#56

Alright, then revoke your statement that, contrary to the clear words of the Catechism, perfect contrition without the intent to go to confession as soon as possible is sufficient for forgiveness of mortal sin.

Excuse me? I never said that “perfect contrition without the intent to go to confession as soon as possible is sufficient for forgiveness of mortal sin.”


#57

You said that

which is blatantly false.

You said that

which is blatantly false.

You said that

which is blatantly false.

Which is an outrageous concoction, and blatantly false.

All the while we were reminding you of what the Catechism actually says.

Need I go on?


#58

Please discuss but respect each other.


#59

I did not misunderstand you. You were saying the wrong things. This discussion is about mortal sin and Confession. Venial sins were not even under consideration here. And you said:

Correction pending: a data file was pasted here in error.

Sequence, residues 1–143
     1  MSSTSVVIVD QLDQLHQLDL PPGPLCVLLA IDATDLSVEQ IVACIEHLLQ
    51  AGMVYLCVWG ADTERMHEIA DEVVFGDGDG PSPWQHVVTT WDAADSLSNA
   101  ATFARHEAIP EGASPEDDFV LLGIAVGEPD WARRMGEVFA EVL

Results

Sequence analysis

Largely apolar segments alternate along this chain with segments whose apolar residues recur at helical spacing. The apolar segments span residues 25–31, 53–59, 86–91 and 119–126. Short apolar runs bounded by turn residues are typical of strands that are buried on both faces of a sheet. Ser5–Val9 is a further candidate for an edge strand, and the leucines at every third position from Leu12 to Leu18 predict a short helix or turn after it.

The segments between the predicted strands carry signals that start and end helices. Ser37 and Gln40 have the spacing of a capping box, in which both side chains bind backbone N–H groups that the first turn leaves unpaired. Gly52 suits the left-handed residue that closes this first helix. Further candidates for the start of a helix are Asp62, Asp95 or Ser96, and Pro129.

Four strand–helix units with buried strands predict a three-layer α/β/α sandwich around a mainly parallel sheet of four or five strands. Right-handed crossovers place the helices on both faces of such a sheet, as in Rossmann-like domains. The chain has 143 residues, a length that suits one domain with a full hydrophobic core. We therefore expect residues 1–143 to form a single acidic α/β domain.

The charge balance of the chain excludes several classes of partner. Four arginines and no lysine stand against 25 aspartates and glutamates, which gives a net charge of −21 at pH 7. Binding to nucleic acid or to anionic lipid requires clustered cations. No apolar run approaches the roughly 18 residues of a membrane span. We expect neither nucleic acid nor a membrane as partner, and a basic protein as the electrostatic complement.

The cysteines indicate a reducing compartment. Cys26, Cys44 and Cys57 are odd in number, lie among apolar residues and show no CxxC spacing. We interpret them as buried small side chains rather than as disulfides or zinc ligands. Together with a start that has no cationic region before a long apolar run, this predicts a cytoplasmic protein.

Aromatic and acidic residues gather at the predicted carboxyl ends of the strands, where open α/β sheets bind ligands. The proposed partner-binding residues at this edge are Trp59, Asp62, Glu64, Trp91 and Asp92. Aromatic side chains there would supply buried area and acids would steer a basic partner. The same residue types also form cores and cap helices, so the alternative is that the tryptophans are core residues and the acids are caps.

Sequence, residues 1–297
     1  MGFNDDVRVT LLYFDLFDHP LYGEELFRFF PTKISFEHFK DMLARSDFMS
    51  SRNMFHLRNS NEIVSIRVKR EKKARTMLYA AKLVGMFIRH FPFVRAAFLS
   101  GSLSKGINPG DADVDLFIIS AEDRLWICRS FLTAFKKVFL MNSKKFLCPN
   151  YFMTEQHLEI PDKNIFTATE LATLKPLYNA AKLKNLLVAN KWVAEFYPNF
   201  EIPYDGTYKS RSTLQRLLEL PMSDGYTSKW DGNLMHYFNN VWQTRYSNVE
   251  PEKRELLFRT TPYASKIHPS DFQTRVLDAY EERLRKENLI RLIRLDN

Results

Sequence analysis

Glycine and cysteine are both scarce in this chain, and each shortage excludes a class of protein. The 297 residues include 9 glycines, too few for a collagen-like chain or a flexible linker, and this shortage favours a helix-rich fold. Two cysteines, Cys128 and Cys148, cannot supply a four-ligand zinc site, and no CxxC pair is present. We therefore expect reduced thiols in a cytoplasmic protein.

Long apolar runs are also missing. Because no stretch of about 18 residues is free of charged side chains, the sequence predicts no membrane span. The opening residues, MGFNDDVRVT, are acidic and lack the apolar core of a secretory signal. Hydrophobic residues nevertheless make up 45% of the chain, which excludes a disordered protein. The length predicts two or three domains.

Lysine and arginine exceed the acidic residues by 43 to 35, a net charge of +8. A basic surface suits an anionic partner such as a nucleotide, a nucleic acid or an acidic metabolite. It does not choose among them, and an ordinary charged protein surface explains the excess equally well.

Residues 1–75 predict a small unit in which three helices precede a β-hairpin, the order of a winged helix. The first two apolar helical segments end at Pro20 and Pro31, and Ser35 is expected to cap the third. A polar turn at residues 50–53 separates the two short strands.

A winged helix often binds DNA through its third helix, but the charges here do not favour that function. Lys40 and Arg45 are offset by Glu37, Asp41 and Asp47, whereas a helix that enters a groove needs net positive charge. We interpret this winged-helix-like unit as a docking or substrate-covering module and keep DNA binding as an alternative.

“Sometimes, though, Catholics present Confession as the only or even normative way that God forgives us.” And then you try to cover yourself by saying WE misunderstood you? When in fact, for mortal sin (which this discussion was all about), Confession IS the normative way?

This is not about “perceived” mortal sins or scrupulosity or mistaken consciences. There has been nothing in this thread than to assume “mortal sin” actually meant real mortal sin. The kind of sin that WILL send you to hell. There is nothing legalistic about obeying God’s command to CONFESS ALL YOUR MORTAL SINS! So, yes we say it’s normative because it IS normative! All that other stuff, such as prayer, Eucharist, etc. are fine only for venial sins. But guess what? This thread was NOTHING about venial sin. Mortal sin only!

You can claim over and over again that you accept Catholic doctrine, but your writing contradicted all that. What you said is right there in all its glory for all of us to read.